Kingsman: The Secret Service – 2015
Director Matthew Vaughn
Starring Colin Firth, Samuel L. Jackson, Mark Strong, Taron Egerton, Sofia Boutella, Mark Hamill, Michael Caine, Sophie Cookson
Screenplay Jane Goldman, Matthew Vaughn
It’s getting to the point where it’s no fun to watch Mark Strong in movies. He’s only ever been a bad guy in so many of his films, but not even a memorable one. It was puzzling to see him in that commercial with Tom Hiddleston and Ben Kingsley about being an effective villain. He’s British. He does sound right. Never really thought about whether he had style. He always lost his power by the end of the movie, though. Seeing him in the first act makes one depressed about what can be expected in the third act.
The beauty about Kingsman: The Secret Service is that we get to see people outside of where we are used to seeing them. Strong, as Merlin, is a trainer of agents that work for a secret order. He’s callous and effective, but he’s not a villain. And thank the Lord, there’s no telling what will happen to him by the end of the story.
He’s not the only one playing against type either. Colin Firth is Harry Hart, also known as Galahad. He is an agent who made a mistake in 1997 that should have killed his whole team, were it not for the actions of Lee Unwin, who sacrificed himself to save the team. Years later, his son, “Eggsy” (Egerton) is heading nowhere fast when Firth comes to his aid, offering him the opportunity to, well, you can guess.
While he is training, he runs afoul of the other candidates, save one, Roxy (Cookson). It doesn’t take a genius to guess who graduates the class. While he is training, Harry discovers a nefarious plot to save the world from the scam known as climate change, global warming or whatever they are calling it this year.
Richmond Valentine (Jackson) is a billionaire philanthropist who has his own ideas on what it means to “help” out his fellow men. His plan is nothing you haven’t seen before, but Obama’s on board, so that is enough to make it a bad idea. His main henchwoman, Gazelle (Boutella) is as memorable a bad chick as I have seen since Xena Onatopp. Her skill is precision cutting and excellent dance moves.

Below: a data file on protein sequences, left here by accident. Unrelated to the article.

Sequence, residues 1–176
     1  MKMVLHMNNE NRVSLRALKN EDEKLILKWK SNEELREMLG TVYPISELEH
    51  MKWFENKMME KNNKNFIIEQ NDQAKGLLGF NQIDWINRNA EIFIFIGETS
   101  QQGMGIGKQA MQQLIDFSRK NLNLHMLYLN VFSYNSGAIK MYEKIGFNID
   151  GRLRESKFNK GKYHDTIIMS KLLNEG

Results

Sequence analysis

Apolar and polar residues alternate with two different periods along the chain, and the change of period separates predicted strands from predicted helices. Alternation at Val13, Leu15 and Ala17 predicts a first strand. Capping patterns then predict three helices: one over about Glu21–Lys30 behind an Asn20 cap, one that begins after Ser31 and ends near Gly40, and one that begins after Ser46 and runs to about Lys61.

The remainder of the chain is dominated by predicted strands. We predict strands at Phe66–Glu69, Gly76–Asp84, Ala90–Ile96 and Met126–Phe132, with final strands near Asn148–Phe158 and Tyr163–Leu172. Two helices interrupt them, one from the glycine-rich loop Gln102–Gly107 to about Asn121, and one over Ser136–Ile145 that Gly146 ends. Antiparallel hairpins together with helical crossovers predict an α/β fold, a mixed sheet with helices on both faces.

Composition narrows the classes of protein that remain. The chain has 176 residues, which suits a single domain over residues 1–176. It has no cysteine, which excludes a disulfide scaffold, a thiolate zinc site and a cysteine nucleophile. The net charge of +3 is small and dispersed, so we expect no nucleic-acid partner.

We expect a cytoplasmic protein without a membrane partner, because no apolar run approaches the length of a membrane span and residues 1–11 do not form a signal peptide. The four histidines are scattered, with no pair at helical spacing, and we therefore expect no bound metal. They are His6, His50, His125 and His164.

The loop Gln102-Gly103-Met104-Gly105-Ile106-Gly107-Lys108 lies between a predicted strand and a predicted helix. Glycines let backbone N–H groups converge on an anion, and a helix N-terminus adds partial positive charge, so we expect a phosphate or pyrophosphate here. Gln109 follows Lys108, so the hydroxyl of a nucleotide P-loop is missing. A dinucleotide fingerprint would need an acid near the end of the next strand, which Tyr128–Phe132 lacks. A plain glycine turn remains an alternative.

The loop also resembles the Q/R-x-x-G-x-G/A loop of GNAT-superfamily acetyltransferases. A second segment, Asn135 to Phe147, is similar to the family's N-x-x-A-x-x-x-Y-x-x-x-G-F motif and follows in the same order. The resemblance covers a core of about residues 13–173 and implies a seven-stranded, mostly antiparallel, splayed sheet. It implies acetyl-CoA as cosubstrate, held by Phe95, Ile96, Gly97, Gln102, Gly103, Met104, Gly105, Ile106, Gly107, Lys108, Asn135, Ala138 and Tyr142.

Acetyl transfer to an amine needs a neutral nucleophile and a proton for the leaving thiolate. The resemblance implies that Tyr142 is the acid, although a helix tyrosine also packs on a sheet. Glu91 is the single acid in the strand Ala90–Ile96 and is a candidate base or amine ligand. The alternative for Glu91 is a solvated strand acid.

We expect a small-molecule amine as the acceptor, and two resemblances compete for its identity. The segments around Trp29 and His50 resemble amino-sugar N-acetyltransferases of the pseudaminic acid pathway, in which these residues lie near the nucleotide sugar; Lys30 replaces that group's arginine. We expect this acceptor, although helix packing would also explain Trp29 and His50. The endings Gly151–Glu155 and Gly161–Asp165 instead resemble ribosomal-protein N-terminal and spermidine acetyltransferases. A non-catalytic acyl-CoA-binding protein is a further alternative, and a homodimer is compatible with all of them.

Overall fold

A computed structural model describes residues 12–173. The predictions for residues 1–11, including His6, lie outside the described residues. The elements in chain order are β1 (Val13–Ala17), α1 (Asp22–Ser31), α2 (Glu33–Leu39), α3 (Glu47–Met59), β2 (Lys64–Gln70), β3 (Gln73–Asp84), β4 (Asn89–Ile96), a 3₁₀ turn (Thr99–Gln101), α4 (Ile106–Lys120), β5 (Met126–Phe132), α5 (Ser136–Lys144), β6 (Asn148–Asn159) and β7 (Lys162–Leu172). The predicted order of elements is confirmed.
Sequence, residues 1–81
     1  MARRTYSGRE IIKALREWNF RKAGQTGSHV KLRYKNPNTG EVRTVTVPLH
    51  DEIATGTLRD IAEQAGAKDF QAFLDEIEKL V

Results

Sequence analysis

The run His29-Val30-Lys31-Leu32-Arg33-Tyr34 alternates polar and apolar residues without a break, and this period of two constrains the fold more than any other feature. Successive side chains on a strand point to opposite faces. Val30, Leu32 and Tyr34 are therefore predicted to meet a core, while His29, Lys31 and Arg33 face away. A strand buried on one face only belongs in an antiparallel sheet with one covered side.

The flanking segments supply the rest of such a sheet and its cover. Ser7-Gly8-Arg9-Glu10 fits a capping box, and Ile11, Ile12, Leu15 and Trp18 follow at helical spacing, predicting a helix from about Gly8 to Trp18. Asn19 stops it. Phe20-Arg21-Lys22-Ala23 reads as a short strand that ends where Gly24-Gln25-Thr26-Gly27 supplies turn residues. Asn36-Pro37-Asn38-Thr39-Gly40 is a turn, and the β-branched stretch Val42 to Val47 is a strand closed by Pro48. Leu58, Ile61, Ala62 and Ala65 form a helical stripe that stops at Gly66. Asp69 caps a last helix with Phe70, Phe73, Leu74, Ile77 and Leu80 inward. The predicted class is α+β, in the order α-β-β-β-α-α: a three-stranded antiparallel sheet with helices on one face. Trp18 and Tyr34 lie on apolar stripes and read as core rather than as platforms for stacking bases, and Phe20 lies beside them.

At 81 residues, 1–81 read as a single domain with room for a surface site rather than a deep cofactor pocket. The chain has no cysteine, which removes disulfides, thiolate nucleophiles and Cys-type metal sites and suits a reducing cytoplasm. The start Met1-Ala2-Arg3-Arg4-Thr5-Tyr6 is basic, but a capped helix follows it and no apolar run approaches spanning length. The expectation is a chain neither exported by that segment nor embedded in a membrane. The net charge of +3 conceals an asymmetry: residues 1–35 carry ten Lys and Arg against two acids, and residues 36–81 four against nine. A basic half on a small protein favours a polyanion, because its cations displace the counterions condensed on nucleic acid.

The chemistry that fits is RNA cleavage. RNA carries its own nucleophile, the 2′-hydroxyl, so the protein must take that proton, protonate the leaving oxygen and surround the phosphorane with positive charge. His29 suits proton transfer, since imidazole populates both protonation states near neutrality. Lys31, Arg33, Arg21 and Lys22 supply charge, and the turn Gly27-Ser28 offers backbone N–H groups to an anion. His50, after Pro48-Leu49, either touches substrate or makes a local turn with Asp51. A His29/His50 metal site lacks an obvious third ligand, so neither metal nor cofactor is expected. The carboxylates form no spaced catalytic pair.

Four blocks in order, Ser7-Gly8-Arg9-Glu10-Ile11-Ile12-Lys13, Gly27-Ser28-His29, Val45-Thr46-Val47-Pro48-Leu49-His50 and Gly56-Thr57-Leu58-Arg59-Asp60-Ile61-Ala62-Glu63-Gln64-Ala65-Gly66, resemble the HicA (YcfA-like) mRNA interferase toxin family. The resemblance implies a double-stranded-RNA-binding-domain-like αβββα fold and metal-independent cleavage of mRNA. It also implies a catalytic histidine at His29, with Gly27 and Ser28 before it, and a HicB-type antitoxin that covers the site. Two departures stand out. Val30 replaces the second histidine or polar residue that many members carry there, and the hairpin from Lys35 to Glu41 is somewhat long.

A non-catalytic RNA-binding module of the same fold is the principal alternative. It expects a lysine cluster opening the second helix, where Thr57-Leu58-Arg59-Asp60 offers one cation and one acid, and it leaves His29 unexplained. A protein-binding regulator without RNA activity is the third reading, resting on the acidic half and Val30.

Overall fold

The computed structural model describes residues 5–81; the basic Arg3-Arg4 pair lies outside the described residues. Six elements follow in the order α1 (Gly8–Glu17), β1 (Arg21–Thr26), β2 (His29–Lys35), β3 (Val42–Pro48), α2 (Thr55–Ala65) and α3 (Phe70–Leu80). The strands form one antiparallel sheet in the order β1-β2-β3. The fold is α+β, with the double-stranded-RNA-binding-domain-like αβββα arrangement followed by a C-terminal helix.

Jackson, who always seems to know the right drink to go with the meal, is exceptional as the bad guy. He adopts a lisp for no particular reason and has a different color New York Yankee hat for each outfit. He embraces his peculiarity without seeming like a parody. It’s a tough balancing act, but Jackson plays it like he was born for it.
What would this film be, though, without Colin Firth. He’s had the debonair part down for a while now, but rarely has he played one so deadly as Galahad. Vaughn puts Harry in some wonderful scenarios to take advantage of the former while lending credence to the latter. For once we get to see him completely unhinged when taking on a church of Westboro Baptist types. It’s hard to tell if the scene is offensive or funny and exciting as hell.
Harry Hart: (Quoting Hemingway) There is nothing noble in being superior to your fellow man; true nobility is being superior to your former self.
Egerton is a somewhat mild presence as Eggsy. He is not the kind of action presence that screams to be noticed, but he gets off a cheeky line now and again. His training time with Harry is rather shorter than one would hope, but the time is well spent. A fair amount of this time is spent with Merlin at the school (and out). Roxy gets a lot of his attention, too, but not necessarily in the customary romantic way. Count that as one cliche not used. Hooray for the good guys.
Back to Clark, who is the best thing in the film. For once, his understated approach works well with the plot of the film. He is allowed to bloom quietly while others in the cast, particularly Jackson and in the end, Egerton, are exploding onscreen. This fine attention to detail makes an average story a good film.
Of Vaughn, it’s obvious the talent he has for character development, if not altogether original plot development. Starting at such a place of humility for Eggsy serves if they plan on expounding on his character in future films. The shift of focus away from an easy spy school romance is a good move, too, as it allows for better moments of mock-Bond humor later in the film, among other things.
Some of Vaughn’s best moves involve Valentine’s imaginings of a perfect world, including his selection of music with which to end the world (see below). The end really couldn’t come with a better sound. There are an equal number of jabs at liberal and conservative leanings, but it really is a nice touch to see the climate change movement get the kind of plot it deserves. To have such an obvious political scam being taken to such an insane extent belies the cynicism of a movement meant to keep money flowing to those who never stop making the emperor’s new clothes.
God save the Queen and long live the Kingsmen.
(**** out of *****)